“Surreal” is a kind way to describe Nightscape, but “insanely incoherent” is far more accurate. All the euphemisms in the world can’t salvage this paranormal hot-rod clunker, which plumbs new depths of incomprehensibility. Writer-director David W. Edwards has created a thing of almost perfect unintelligibility, stitched together from the spare parts of prior genre efforts with almost no concern for pacing, character, or even basic lucidity. People do breathe, speak, walk, and sleep during this saga. Otherwise, however, it doesn’t feature any behavior that registers as logical, much less compelling.
Edwards’ story concerns Kat (Emily Galash), a drifter with self-described “black luck” who, at the outset, has paired up with Smoke (Joshua St. James), a former race-car driver with a crippled leg and equally lousy fortune, as evidenced by a pathetic loss at a drag race that costs him his ride. Kat and Smoke speak in absurd faux-Southern accents that are made even more egregious by Edwards’ writing, which—whether in dialogue, or Kat’s intermittent “Dear Diary” narration—trades only in pronouncements vainly striving for roughneck crime-fiction poetry. Despite Smoke’s assertion, “I like my stories true-life,” he and Kat’s blathering sounds like a bad parody of dime-store novel pulp, and that goes double for the every utterance of El Buitre (Jorge Elias Madrid), a Latino cowboy who comes to their rescue after they stumble into a rural store and find everyone dead save for one waitress, whose head promptly explodes to reveal a giant tentacled demon thingie.
El Buitre has a magic gun that can kill such creatures, though he’s really on the hunt for an unholy white roadster he’s dubbed “El Muerte Blanca.” The vehicle is some sort of living beast (it has flesh pulsating beneath its panels) that spreads chaos and death wherever it roams, and El Buitre has taken it upon himself to chase and destroy it, all so he can “translate out” of Earth, whatever that means. Such oblique gibberish is incessant throughout the film, which has El Buitre describing El Muerte Blanca as “a prophesy of chaos,” and state that his adversary appears whenever “the system presses on us too much,” nonsense that’s in keeping with discussions about how the “Christian God is dead,” and Earth is in slow decay. “There’s a full hell of madness over these hills,” he opines at one point, but the real madness is in every spoken word of Edwards’ laughably garbled script.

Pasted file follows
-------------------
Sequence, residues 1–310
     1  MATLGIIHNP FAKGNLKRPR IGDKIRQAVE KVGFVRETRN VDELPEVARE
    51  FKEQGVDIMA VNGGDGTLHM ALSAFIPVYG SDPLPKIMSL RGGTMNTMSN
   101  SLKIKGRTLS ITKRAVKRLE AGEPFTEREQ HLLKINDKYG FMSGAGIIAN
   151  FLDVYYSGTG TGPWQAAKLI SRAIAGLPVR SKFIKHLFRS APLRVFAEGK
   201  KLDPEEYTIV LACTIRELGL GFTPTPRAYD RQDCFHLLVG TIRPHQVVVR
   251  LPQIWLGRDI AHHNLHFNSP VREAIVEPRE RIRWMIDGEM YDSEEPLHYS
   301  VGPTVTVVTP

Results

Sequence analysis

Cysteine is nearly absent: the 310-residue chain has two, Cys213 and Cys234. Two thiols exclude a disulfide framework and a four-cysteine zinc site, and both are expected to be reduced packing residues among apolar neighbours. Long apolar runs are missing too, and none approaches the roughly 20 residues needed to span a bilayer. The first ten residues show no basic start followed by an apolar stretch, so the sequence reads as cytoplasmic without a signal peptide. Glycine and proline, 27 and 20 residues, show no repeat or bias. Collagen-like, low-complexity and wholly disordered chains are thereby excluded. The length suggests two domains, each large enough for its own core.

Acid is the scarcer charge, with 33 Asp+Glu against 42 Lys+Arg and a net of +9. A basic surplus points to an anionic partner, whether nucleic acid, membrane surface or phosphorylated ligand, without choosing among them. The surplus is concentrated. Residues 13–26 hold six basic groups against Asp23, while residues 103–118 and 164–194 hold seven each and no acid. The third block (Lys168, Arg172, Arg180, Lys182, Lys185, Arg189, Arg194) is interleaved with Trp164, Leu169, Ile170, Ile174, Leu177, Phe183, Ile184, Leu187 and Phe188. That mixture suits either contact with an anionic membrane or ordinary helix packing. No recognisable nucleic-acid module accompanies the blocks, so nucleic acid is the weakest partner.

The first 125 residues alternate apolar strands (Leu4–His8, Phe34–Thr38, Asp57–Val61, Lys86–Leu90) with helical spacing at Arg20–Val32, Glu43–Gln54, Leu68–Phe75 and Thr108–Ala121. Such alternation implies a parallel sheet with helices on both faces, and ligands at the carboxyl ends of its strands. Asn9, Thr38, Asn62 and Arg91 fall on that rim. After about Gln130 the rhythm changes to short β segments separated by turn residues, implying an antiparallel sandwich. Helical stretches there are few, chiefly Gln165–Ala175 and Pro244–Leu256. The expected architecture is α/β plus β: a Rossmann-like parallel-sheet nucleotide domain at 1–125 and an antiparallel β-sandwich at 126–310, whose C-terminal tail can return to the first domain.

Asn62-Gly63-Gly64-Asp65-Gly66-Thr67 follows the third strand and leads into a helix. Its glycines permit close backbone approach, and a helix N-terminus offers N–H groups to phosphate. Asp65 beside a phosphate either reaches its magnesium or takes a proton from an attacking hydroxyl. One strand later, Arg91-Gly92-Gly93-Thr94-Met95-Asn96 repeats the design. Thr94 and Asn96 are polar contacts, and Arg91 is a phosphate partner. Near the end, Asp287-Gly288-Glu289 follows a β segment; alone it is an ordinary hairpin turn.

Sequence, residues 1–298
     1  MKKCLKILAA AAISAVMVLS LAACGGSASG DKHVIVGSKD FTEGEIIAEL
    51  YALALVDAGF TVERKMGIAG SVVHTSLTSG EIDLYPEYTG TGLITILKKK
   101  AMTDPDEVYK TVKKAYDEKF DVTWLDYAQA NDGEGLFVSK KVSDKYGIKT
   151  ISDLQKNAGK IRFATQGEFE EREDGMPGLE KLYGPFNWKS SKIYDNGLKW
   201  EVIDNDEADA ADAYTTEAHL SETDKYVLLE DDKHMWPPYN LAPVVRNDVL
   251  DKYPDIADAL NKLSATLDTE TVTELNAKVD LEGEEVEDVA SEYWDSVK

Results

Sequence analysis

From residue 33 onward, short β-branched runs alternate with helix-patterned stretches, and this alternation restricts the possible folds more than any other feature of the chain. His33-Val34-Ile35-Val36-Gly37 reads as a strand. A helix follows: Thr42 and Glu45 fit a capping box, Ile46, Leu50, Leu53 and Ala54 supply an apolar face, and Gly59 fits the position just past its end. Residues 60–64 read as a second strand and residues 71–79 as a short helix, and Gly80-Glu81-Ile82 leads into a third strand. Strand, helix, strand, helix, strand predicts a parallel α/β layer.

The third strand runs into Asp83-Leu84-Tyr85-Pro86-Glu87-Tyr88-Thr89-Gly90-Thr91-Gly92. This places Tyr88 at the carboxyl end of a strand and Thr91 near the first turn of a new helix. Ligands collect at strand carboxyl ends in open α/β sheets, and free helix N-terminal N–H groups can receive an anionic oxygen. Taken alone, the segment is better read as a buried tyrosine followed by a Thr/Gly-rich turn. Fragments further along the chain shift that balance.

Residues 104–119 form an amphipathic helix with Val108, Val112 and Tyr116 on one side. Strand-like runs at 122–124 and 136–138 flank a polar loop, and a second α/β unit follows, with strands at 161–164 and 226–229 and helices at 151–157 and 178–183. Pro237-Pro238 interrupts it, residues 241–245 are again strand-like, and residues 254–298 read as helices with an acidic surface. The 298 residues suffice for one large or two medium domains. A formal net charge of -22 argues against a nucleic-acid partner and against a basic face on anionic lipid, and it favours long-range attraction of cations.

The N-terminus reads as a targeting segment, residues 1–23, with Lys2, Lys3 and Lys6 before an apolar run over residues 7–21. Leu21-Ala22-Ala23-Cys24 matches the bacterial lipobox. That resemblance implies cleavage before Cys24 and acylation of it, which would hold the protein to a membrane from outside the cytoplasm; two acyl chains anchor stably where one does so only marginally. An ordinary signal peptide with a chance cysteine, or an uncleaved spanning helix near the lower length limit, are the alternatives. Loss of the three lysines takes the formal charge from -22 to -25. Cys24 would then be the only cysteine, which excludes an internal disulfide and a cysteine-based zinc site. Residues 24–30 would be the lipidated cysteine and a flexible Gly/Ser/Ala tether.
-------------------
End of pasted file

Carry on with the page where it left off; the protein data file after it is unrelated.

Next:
Uniformly wooden performances, flashbacks that are never properly explained, smeary special effects, and CGI that would be embarrassed to appear on the SyFy network round out Nightscape. And yet even those failings don’t fully convey the mind-boggling confusion elicited by Edwards’ storytelling. After a final confrontation with El Muerte Blanca that leads to absolutely nothing, a coda reveals that El Buitre is, in fact, some sort of Indiana Jones-style supernatural adventurer in the employ of a prim-and-proper British lady. Alas, even that left-field revelation doesn’t help making heads or tails of these proceedings any easier—though it does suggest a more interesting film lurking beneath the exterior of this baffling mess.